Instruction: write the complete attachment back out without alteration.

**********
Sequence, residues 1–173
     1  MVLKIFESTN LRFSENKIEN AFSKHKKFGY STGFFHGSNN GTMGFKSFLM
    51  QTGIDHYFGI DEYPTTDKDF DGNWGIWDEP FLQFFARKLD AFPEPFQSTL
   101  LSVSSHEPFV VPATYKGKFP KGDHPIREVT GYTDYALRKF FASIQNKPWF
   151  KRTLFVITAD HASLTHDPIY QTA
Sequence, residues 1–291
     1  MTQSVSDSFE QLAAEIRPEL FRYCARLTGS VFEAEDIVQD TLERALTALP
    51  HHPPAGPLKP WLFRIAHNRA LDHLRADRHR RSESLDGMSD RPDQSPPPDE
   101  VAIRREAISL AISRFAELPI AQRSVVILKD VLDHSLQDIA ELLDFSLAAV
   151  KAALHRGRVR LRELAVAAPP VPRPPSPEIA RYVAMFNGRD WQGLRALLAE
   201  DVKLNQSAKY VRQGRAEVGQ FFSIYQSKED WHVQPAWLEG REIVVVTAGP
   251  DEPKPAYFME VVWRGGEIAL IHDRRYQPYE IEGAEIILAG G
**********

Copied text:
Sequence, residues 1–173
     1  MVLKIFESTN LRFSENKIEN AFSKHKKFGY STGFFHGSNN GTMGFKSFLM
    51  QTGIDHYFGI DEYPTTDKDF DGNWGIWDEP FLQFFARKLD AFPEPFQSTL
   101  LSVSSHEPFV VPATYKGKFP KGDHPIREVT GYTDYALRKF FASIQNKPWF
   151  KRTLFVITAD HASLTHDPIY QTA
Sequence, residues 1–291
     1  MTQSVSDSFE QLAAEIRPEL FRYCARLTGS VFEAEDIVQD TLERALTALP
    51  HHPPAGPLKP WLFRIAHNRA LDHLRADRHR RSESLDGMSD RPDQSPPPDE
   101  VAIRREAISL AISRFAELPI AQRSVVILKD VLDHSLQDIA ELLDFSLAAV
   151  KAALHRGRVR LRELAVAAPP VPRPPSPEIA RYVAMFNGRD WQGLRALLAE
   201  DVKLNQSAKY VRQGRAEVGQ FFSIYQSKED WHVQPAWLEG REIVVVTAGP
   251  DEPKPAYFME VVWRGGEIAL IHDRRYQPYE IEGAEIILAG G